When the current Federal administration proposed to open 90% of our nation’s coasts to offshore oil drilling, the groundswell of opposition demonstrated by our coastal communities made a wave of impact. We know that the actions we take today will determine the fate of our ocean and coasts for the rest of our lifetimes, as well as future generations.
That’s why every person who cares about the coast needs to submit comments to stop this dangerous proposal from moving forward! The Bureau of Ocean Energy Management (BOEM) is accepting comments from the public on the Draft Proposed Program until March 9th. To make your voice heard, visit www.boem.gov/National-Program/ and submit your feedback today. Your comments don’t need to be long, but should follow the guidelines below for maximum impact:
- Clearly state that you oppose new offshore oil drilling, including lease sales in your specific area.
- Mention the impact drilling would have on the ocean, coasts, plants, animals, and people in your community.
- Provide information on where and how you or your community uses the ocean.
We’ve put together a list of sample comments:
- A recent study by PEW Charitable Trust concluded that a single oil well discharges around 1,500 – 2,000 tons of waste material. Contaminants from oil drilling accumulate on the sea floor; smother organisms and cause malformations, genetic damage, and mortality in fish embryos.*
* “Offshore Drilling and Ocean Impacts” www.pewglobalwarming.org/resources/OCS_oceans_factsheet.pdf
- Since 1969, there have been at least 44 large oil spills (over 10,000 barrels of oil each) in our nation’s marine waterways.*
* NOAA Office of Response and Restoration. 2017. “Largest Oil Spills Affecting U.S. Waters Since 1969.
- Local communities are directly impacted by the reduction in habitat functionality, as it results in the loss of “ecosystem services,” including protection from shore break and sea level rise, water purification, shoreline stabilization, and habitat for coastal and marine wildlife that may be crucial for industries reliant on tourism and recreation.*
*Washington State Department of Ecology. N.D. “Functions and Values of Wetlands”. Access Washington. http://www.ecy.wa.gov/programs/sea/wetlands/functions.html
- The potential of catastrophic oil spills, continued contribution to climate change, and the eyesore of an industrialized coastline, could do significant harm to coastal communities and surrounding regions. The National Ocean Economics Program reports on the importance of economic contributions from coastal states, which are estimated to provide over 80% of the nation’s GDP and employment, with almost of half of the Nation’s GDP coming from coastal counties alone. Additionally, the ocean economy’s tourism and recreation industry singlehandedly provides the largest amount of jobs (71%) to the U.S. economy. In fact, ocean tourism and recreation provides 12 times the amount of jobs to the U.S. economy, compared to offshore oil production.*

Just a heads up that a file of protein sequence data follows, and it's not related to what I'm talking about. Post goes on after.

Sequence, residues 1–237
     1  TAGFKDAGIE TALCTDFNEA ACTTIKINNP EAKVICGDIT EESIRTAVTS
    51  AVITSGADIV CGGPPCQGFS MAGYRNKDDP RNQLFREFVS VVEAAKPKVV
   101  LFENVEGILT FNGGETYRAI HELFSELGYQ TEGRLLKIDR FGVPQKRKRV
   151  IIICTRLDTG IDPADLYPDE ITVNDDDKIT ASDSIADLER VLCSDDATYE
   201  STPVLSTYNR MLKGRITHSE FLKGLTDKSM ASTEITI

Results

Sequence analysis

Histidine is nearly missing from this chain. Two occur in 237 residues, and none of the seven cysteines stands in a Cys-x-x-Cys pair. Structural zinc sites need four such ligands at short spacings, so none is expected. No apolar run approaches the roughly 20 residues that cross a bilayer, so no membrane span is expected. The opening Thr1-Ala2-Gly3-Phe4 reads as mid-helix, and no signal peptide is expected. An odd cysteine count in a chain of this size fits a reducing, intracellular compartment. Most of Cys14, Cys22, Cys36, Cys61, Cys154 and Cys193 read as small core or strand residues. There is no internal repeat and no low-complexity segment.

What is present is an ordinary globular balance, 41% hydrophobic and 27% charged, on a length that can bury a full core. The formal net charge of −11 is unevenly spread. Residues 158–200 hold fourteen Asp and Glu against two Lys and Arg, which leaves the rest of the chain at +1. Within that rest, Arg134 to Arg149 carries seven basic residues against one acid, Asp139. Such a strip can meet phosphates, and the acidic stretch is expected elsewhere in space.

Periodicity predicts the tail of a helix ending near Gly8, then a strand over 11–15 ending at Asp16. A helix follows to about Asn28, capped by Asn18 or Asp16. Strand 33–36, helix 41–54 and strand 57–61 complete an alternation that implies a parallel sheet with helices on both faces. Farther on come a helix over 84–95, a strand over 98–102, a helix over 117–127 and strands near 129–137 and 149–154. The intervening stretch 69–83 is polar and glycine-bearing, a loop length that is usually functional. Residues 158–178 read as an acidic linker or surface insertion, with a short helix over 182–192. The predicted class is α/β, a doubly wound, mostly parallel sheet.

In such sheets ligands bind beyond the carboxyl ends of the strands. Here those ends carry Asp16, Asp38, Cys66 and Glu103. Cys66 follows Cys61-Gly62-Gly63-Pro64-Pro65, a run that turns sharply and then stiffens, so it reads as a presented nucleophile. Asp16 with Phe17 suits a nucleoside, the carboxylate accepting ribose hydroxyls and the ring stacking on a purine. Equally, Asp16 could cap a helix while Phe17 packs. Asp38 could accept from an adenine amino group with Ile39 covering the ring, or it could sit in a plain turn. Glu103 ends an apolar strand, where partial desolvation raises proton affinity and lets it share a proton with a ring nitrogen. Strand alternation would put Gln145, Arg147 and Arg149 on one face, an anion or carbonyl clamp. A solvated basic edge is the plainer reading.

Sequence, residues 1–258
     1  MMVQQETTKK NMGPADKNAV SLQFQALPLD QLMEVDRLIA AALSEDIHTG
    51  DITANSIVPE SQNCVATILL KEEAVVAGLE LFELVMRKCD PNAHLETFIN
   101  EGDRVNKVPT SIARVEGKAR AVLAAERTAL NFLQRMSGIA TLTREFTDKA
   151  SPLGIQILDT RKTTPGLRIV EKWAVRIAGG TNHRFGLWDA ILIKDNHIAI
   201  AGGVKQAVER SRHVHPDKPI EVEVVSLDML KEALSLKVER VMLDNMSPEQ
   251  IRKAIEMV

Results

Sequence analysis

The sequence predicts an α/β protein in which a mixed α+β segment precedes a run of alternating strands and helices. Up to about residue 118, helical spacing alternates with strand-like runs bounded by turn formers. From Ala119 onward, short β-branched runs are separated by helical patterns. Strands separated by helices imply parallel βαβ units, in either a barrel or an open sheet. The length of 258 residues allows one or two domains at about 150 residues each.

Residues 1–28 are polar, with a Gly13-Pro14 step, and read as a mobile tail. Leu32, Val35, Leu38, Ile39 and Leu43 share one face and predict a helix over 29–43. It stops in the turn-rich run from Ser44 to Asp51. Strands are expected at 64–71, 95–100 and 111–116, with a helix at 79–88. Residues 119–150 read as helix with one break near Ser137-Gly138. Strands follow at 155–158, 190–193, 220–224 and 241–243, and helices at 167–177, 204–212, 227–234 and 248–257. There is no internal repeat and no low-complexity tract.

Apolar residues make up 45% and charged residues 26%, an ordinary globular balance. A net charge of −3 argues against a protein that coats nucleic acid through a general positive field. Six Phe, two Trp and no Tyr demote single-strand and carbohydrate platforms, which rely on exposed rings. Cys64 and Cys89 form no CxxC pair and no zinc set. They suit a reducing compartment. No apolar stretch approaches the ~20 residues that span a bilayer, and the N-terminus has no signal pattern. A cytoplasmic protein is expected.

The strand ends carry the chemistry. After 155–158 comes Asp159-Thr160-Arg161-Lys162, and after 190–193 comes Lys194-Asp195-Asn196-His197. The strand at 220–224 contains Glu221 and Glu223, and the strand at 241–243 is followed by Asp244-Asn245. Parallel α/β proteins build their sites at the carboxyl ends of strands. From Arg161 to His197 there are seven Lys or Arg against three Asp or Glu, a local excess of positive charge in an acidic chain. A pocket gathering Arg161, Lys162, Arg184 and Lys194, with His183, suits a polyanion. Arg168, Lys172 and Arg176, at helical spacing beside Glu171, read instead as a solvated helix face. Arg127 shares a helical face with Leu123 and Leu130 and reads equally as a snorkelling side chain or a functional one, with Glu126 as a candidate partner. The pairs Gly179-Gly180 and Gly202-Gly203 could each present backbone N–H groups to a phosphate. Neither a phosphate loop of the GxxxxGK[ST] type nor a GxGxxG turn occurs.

*NOAA REPORT ON THE NATIONAL SIGNIFICANCE OF CALIFORNIA’S OCEAN ECONOMY, Kildow, J.T., Colgan, C.S., Johnston, P., Scorse, J.D., Farnum, M.G. 2016. “State of the US Ocean and Coastal Economies – 2016 Update” National Ocean Economics Program. Middlebury Institute of International Studies at Monterey Center for the Blue Economy. http://www.oceaneconomics.org/Download/
- In California, at recent prices and usage, the oil available off California’s coastline would supply the nation with approximately 13 months of oil.*
*Gravitz, M., Cosgrove, C., and Kirby, M. 2009. “Oceans Under the Guns: Living Seas or Drilling Seas?”. Environment America Research and Policy Center.http://cdn.publicinterestnetwork.org/assets/2a7615c1164506ae0faae02ee7ffbfa0/Oceans-Under-the-Gun-Thurs-AM-version.pdf
- Within the State of California, Mendocino County as a whole generates approximately $361 million in travel spending and supports 6,000 jobs created by tourism.* Our local and state economy would be at risk in the wake of an oil spill. *California Travel Impacts by County 2016 At least 37 marine species have been shown to be affected by seismic airgun noise. These impacts range from behavioral changes such as decreased foraging, avoidance of the noise, and changes in vocalizations through displacement from important habitat, stress, decreased egg viability and growth, and decreased catch rates, to hearing impairment, massive injuries, and even death by drowning or strandings. Seismic airgun noise must be considered a serious marine environmental pollutant.*
*Weilgart, L. (2013). “A review of the impacts of seismic airgun surveys on marine life.” Submitted to the CBD
Expert Workshop on Underwater Noise and its Impacts on Marine and Coastal Biodiversity, 25-27 February 2014,
London, UK. Available at: http://www.cbd.int/doc/?meeting=MCBEM-2014-01